​Ups & Downs of Being a Caregiver

Posted by Amber Collie in Life After Paralysis on February 18, 2022 # Caregiving

Selfie of Amber and Zack with palm trees behind themBecoming a mom makes you a natural caregiver, but having one of your children suddenly paralyzed is a different level of caregiving that was not even in my imagination. Zack, my oldest child, broke his neck in a beach accident when he was 15. Instantly the life we knew was gone, and a new life path was forced on our family. I ran a photography business and raised my children at the time of injury. I had no idea that all that would change in an instant. It’s hard to express the constantly changing emotions you feel going through this.

This was my boy, the most active of my 4 children, and now he’s lying abnormally still in a hospital bed. Hearing news that your child will never walk again or have use of his hands, they must be talking about someone else because you can’t even absorb it. Trying to wrap your head around what the Dr’s are telling you. The hospital becomes your new home for months at a time. They're showing you and teaching you things that you don’t want to learn.

Even over a decade later, I find it difficult to talk about those early months, even the first couple of years. I remember I had a tremendous amount of adrenaline. I was a super mom rising to every need of my son. I didn’t sleep through the night for over 3 years. I was determined to help my boy and was willing to do whatever I needed, which involved me becoming his full-time, 7 days a week caregiver. This left little time for my other 3 children, which was hard for them and me.

I can honestly say I gave and did my very best, but something had to give— that ended up being me. My needs were pushed to the side when that happens; it’s not going to end well. There were several times I hit a wall. The first was around that 3-year mark. I hadn’t cried or broken down. My son was a quadriplegic, and I was like a robot. I was holding it together. Most of the time, I did a good, even great job with moving Zack forward in his life, navigating the rest of high school now in a wheelchair, losing friends, college, and the stress of how this will work.

There was also lots of physical, occupational and talk therapy for Zack. I should have gone too. I can remember slowly getting angry, then angrier, tired, overwhelmed and burnt-out. I was so fiercely focused on Zack moving forward in life I completely forgot about myself. I managed to get through that season, expressing myself with very bad language. I was angry with everyone. Thank goodness that did pass. Zack and I learned how to communicate better and give each other space. Most moms and 18-year-old sons do not spend that much time together. Zack was just at the age he should be out experiencing life as a young adult.

Zack and Amber posing. Zack is wearing a purple shirt and using a wheelchair. Amber is standing behind him.The stages of grief are real, and everyone feels them at one time or another. Not in any order. They don’t have a time limit. They are just there waiting for you to process. The whole family should have gone through talk therapy, group therapy, or support group in hindsight. It’s interesting how emotional things can affect you so many years later if you ignore them. I didn’t think I was. I have a great group of supporting moms; all of us have quadriplegic sons. These women have helped me more than anyone. They get it— the heartbreak, pain and suffering and all the ups and the downs of caregiving. You love this person you’re caring for, and you’ll do anything for them. But you must learn to express your needs in a reasonable, kind way. Do not neglect your needs. I used to think that it was selfish if I did things for my son couldn’t do them, but that is not a healthy way of thinking. I now know that if you care for yourself, you’re giving the gift of being at your best as a caregiver to the one you love. Process those emotions and get them out. Fill yourself up, and you will have more to give.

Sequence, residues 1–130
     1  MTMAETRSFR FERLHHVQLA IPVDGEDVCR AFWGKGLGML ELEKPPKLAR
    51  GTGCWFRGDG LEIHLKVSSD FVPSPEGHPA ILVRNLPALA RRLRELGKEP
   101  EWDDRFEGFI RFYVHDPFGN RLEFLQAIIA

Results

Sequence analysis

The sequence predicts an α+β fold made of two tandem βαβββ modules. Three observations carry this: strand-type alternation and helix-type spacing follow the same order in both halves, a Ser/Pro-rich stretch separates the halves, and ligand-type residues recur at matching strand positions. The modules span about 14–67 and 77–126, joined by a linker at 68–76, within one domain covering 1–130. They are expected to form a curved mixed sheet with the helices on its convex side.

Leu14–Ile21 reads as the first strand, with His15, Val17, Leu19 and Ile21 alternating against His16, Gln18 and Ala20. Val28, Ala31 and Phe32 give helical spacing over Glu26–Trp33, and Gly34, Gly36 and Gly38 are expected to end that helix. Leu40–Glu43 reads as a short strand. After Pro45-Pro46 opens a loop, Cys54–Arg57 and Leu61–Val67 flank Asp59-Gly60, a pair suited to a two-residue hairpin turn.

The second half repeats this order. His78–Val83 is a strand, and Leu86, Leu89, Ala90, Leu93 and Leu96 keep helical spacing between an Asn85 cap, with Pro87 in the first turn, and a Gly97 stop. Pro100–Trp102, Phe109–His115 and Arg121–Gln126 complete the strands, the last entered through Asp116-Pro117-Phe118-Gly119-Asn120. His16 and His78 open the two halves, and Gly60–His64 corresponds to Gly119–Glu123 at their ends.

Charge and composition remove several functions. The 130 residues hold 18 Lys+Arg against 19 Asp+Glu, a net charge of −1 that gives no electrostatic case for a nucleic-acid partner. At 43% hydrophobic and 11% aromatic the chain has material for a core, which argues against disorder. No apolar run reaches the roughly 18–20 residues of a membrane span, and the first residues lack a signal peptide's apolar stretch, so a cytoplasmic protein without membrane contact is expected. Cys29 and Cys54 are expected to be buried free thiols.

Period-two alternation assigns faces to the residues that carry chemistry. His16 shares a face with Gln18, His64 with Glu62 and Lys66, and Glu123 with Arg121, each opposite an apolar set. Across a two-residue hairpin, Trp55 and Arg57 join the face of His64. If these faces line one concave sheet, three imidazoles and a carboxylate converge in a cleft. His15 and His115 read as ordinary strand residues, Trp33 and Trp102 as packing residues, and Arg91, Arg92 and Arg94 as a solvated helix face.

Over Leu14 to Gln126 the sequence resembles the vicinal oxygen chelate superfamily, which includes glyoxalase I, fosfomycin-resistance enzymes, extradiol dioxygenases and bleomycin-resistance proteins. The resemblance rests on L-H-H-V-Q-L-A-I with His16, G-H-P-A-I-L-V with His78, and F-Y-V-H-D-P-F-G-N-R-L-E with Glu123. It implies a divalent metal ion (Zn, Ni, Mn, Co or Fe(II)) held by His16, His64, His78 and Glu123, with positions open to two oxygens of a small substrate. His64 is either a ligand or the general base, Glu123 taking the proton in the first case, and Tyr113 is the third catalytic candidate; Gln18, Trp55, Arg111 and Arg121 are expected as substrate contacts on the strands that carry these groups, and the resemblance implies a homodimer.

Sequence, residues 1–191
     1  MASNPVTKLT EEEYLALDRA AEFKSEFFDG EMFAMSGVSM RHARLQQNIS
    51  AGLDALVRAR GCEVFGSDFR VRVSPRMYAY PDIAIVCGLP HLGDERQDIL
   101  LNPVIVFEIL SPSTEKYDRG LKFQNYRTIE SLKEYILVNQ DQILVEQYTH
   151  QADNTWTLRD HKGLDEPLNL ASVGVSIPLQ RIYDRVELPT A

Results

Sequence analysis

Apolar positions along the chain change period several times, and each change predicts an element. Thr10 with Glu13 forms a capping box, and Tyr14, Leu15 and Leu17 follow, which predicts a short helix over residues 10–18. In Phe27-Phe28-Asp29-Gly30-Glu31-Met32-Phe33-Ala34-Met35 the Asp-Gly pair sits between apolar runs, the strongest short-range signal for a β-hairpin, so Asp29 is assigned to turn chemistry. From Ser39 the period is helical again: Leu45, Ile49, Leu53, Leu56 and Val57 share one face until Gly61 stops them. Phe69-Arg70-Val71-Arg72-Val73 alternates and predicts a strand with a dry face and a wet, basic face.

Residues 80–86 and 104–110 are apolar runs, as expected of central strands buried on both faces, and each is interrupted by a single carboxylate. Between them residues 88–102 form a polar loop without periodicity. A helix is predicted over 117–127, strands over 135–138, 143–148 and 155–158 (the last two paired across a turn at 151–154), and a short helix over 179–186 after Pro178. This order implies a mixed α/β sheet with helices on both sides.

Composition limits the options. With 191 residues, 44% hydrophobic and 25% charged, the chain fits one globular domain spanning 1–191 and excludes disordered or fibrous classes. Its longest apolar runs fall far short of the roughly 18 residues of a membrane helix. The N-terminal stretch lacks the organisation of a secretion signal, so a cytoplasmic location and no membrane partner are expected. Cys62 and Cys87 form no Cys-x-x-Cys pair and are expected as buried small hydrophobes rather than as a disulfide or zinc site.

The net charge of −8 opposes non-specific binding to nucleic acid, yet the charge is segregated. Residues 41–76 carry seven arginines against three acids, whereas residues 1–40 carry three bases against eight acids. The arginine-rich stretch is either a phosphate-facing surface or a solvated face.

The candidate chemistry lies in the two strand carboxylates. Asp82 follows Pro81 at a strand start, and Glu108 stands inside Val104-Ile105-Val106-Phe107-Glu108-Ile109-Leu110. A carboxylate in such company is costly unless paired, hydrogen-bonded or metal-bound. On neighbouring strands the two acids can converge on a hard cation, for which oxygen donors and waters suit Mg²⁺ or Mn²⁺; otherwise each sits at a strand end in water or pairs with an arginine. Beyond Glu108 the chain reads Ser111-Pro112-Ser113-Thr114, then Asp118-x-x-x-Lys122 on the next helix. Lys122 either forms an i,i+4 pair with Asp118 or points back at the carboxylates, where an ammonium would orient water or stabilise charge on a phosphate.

My life has had many parts, I could write a book just on that section but let's fast forward to when I married Adron Collie. Two weeks after turning 20 (yes, very young!) I had Zackery at age 22, Levi at 24, six years later Kaden, and 18 months after that daughter Laila, making me a busy mother of four. At that time, I also ran a photography business. The year Zack was injured I had a child in Preschool, Elementary, Jr. High and High School. Four kids in four schools! I thought I was so busy, just getting their drop off and pick up times correct was a challenge. I have to laugh now thinking back on that because little did I know my life was just about to turn upside down.

The National Paralysis Resource Center website is supported by the Administration for Community Living (ACL), U.S. Department of Health and Human Services (HHS) as part of a financial assistance award totaling $8,700,000 with 100 percent funding by ACL/HHS. The contents are those of the author(s) and do not necessarily represent the official views of, nor an endorsement, by ACL/HHS, or the U.S. Government.